The Angry Corrie 73: Apr-Jun 2008 No. 73

Prime Minister's Questings

Mark Nixon

WITH THE PUBLICATION of Ronald Turnbull's The Life and Times of the Black Pig - A biography of Ben Macdui (Millrace Books, 2007), and its description of Queen Victoria's time on the mountain, I am reminded of the ascents of Ben Macdui made by one of her more notable subjects. William Ewart Gladstone was perhaps our greatest prime minister, and certainly our greatest prime minister of Scottish blood (with no apologies whatsoever to the present and immediately preceding incumbents). Although born in Liverpool three days before the end of 1809, Gladstone was of sound Scottish stock. His mother was the daughter of a former provost of Dingwall and his father was a Leith merchant. The family had moved to Liverpool to be at the heart of Britain's transatlantic trade activities. Sir John Gladstone made a substantial fortune - partly as a slave-owning sugar baron in Demerara - and moved his family out to Seaforth, a new suburb essentially built by him, with a grand new presbyterian church and school.

Sir John also purchased an estate in Scotland, Fasque near Fettercairn, to which William would make many visits over the years, sometimes for months on end - ah, the leisured life of a mid-Victorian politician! Indeed, it was during one of these visits that he first climbed Ben Macdui, aged 26 but already an MP of four years' standing. In his diary for 9 September 1836, he recorded:

9-71/2. [9am to 7:30pm] Up Ben Muickdhui: king of the Br. mountains. Fine: and a noble view from the top to the N. Strathspey, Moray Firth and Ross-shire: stepped into Invernessshire. This is 10 hours good work.

image from source document

He carefully set out in a table the timings and distances of the stages of the walk: 45 minutes to 'Cormutzie', an hour and 35 minutes to the Forester's Hut, a further hour to the foot of the main ascent, then two hours to the top (total five hours 20 minutes); the return stages took, in reverse order of course, one hour five minutes, one hour, one hour 20 minutes, and 46 minutes (total four hours 11 minutes). 'Cormutzie' appears to be Corriemulzie or Cormulzie, at NO111892. Colin Matthew's edition of Gladstone's diaries, on which this article is based, is one of the great pieces of recent scholarship, producing 14 massive volumes over 27 years. Unsurprisingly, the odd transcription error has slipped in, and this appears to be one of them.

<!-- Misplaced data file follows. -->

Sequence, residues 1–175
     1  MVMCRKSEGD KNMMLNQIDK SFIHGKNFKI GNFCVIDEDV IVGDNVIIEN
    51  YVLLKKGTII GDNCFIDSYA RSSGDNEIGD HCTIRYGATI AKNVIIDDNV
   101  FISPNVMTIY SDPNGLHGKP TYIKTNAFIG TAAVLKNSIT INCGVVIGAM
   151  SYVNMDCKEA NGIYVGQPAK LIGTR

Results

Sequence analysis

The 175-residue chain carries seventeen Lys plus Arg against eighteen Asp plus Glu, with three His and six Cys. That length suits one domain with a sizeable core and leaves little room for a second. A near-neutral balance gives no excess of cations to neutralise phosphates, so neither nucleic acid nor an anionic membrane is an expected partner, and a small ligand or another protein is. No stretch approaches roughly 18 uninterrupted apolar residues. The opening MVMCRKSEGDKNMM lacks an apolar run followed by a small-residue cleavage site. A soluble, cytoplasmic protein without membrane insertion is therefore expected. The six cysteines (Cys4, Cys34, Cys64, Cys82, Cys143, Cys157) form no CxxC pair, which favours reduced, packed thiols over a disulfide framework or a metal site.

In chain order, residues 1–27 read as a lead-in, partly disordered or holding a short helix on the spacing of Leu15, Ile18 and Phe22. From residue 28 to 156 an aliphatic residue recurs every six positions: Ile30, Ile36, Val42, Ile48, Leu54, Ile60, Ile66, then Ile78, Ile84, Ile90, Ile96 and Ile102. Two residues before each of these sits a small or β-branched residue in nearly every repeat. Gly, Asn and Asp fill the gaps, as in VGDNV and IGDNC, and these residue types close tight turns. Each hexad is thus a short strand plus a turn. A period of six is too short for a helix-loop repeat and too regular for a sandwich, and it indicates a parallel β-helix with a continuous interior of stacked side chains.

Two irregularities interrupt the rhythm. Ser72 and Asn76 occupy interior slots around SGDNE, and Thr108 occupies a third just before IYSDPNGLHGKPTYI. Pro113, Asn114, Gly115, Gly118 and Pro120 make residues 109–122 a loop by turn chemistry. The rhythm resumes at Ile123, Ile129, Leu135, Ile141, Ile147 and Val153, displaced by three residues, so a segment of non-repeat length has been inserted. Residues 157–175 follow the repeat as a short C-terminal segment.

Gladstone continued:

...and near 39 m. [minutes] on top. - a snowstorm ascending. We got praise from the guide for good travelling - he rode. Our stoppages altogether were 11/2 hours: of which 1 h. was rest. We were not much tired.

Not much tired! Gladstone reckoned this walk at 18 miles, so I suppose it wasn't much for a man of his famed physical prowess and stamina. His fondness for tree-chopping was to become legendary, and right up until his late 70s he would happily walk 20 or 30 miles a day. Nevertheless, his Ben Macdui ascent came in the middle of a substantial series of walks. His diary entry for the previous day recorded a 24-mile walk over Lochnagar:

...fog at the top. The precipices are awful enough. The Forest thoroughly satisfies [...] The trip of today might be done in 6 hours - 61/2 with ease. Very cold on top.

On the following day he travelled to Fasque, first by coach to Ballater

...then after a delay started across the hills without a guide and laden with brushes &c. to Lochlee Manse: 4h. 15 miles. Crossed Monthkeen.